Photograph by Zach Wolfe
If you’ve seen Dayo Okeniyi’s turn as beyond-buff Thresh in last year’s adaptation of The Hunger Games, you won’t be surprised that, when I ask if he’ll split an order of dumplings at RA Sushi in Midtown, he asks if they’re steamed. But you might be surprised at his response when I explain that, regrettably, they aren’t, and wonder, is he on a diet?
“Oh, hell no,” he laughs. “I’m not one of those actors; I can keep the six-pack in the cooler, thank you very much. You wanna hire that guy? Get Taye Diggs. You need the fat African kid? Holler at me.”
With his self-deprecation and candor, Okeniyi, twenty-five, comes off as a Hollywood rookie—albeit one on the rise. After his breakout Hunger Games role, Okeniyi appeared in Sundance darling The Spectacular Now before acting alongside Justin Timberlake and Ben Affleck in the crime thriller Runner, Runner (out this month). In February, he’ll star in a remake of the teen-romance weepie Endless Love, filmed this summer in Atlanta, the city where his family has lived since 2009.
Shooting here was a chance for Okeniyi to explore the city he calls home but hasn’t really lived in. Filming took him to landmarks such as Zoo Atlanta, and his real-life mom, Elizabeth, even scored a cameo as his on-screen mother. The day we met, Okeniyi was headed to Six Flags with childhood friends.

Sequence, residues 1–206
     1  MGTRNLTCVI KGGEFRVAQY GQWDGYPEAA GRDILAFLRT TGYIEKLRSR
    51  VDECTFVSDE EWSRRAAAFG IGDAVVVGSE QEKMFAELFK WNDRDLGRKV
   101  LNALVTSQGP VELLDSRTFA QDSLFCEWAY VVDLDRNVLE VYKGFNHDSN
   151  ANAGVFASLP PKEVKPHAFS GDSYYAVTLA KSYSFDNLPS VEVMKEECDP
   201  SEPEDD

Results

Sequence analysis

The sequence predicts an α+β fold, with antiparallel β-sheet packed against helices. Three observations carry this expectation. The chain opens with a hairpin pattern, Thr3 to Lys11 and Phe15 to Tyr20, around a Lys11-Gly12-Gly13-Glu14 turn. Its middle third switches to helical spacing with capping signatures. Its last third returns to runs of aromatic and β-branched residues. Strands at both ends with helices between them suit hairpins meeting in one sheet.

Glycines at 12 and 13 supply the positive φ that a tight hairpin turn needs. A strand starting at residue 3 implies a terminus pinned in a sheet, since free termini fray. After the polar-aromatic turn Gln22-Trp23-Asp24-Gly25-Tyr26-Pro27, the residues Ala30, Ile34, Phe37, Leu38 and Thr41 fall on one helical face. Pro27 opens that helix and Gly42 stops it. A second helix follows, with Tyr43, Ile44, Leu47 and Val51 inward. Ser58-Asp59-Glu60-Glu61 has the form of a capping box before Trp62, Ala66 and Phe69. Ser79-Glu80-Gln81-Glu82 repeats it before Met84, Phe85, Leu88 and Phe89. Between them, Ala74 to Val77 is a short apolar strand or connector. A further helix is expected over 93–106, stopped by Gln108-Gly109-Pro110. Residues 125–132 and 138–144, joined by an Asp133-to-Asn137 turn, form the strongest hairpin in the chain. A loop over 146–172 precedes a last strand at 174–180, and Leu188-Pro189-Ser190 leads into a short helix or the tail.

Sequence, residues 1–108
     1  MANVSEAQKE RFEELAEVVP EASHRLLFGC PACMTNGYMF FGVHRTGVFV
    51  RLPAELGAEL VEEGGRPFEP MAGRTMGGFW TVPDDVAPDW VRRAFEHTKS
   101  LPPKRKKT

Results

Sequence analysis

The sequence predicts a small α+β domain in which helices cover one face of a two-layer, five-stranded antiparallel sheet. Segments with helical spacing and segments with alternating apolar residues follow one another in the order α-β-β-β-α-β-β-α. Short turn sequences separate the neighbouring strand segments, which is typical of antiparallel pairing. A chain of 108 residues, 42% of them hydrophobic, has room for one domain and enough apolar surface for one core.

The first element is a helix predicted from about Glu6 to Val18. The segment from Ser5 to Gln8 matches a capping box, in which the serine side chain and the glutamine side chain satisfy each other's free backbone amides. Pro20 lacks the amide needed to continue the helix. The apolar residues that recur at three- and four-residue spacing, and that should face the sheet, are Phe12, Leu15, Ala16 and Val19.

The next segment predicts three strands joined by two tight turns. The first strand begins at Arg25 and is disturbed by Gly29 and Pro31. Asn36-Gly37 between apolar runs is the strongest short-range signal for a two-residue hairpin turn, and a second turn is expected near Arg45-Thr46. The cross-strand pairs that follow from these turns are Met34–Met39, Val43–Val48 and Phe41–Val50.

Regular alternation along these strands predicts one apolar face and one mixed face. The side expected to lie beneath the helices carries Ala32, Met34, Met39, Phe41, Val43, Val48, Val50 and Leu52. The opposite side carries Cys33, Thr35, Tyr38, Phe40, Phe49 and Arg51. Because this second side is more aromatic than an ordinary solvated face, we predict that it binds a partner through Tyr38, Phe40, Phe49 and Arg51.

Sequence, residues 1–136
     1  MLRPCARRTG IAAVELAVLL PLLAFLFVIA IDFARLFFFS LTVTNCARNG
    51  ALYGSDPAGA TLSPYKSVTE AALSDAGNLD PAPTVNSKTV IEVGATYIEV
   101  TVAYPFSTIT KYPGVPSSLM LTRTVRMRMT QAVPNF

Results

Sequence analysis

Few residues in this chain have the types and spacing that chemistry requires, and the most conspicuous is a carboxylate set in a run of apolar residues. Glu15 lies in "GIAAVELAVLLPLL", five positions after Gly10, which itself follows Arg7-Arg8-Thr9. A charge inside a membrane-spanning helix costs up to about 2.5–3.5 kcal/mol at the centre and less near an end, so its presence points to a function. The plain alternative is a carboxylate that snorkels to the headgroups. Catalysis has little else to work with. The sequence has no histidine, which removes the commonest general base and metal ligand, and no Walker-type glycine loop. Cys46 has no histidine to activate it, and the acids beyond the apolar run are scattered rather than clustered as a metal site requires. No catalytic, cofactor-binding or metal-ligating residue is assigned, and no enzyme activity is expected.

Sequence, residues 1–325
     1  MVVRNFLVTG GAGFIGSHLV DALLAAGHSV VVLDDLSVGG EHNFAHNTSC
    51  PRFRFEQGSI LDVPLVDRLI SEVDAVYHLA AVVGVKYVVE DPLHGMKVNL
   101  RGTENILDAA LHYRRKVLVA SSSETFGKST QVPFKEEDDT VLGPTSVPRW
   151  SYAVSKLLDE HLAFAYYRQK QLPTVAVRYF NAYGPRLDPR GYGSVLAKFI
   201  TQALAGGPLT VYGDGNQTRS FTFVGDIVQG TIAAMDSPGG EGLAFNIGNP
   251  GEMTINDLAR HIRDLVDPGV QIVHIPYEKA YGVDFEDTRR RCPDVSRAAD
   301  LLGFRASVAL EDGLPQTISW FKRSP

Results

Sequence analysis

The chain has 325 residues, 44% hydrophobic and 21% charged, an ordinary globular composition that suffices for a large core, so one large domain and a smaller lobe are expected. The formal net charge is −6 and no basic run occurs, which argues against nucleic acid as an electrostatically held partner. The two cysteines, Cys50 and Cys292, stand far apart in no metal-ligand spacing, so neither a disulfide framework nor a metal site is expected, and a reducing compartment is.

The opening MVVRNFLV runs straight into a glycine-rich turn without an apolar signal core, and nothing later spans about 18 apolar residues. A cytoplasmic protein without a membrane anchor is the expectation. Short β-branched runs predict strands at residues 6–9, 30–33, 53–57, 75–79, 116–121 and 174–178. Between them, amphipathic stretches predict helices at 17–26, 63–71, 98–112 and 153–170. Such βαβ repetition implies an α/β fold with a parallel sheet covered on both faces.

Born in Nigeria, Okeniyi acted in plays and loved theater as a child, but hit pause on that passion when his family moved to the U.S. in 2003. Six years later, after earning a degree in visual communication from Anderson University in Indiana and a job offer from a Nigerian firm, he moved to Los Angeles instead. “My parents were like, ‘We’re going to give you a year. If nothing happens, call and beg for that job,’” he says.
As it turned out, a year was about all the time Okeniyi would need. He walked into his Hunger Games audition and nabbed the role in one meeting. While he may not use his degree professionally, his studious dedication to the craft of acting endears him to casting directors, some of whom have given him roles originally scripted for entirely different actors. His Spectacular Now character, Marcus, for example, was written as a “Caucasian All-American” quarterback. “But I loved the script, and my team and I just went into the room fighting for it,” he says.
This article originally appeared in our September 2013 issue.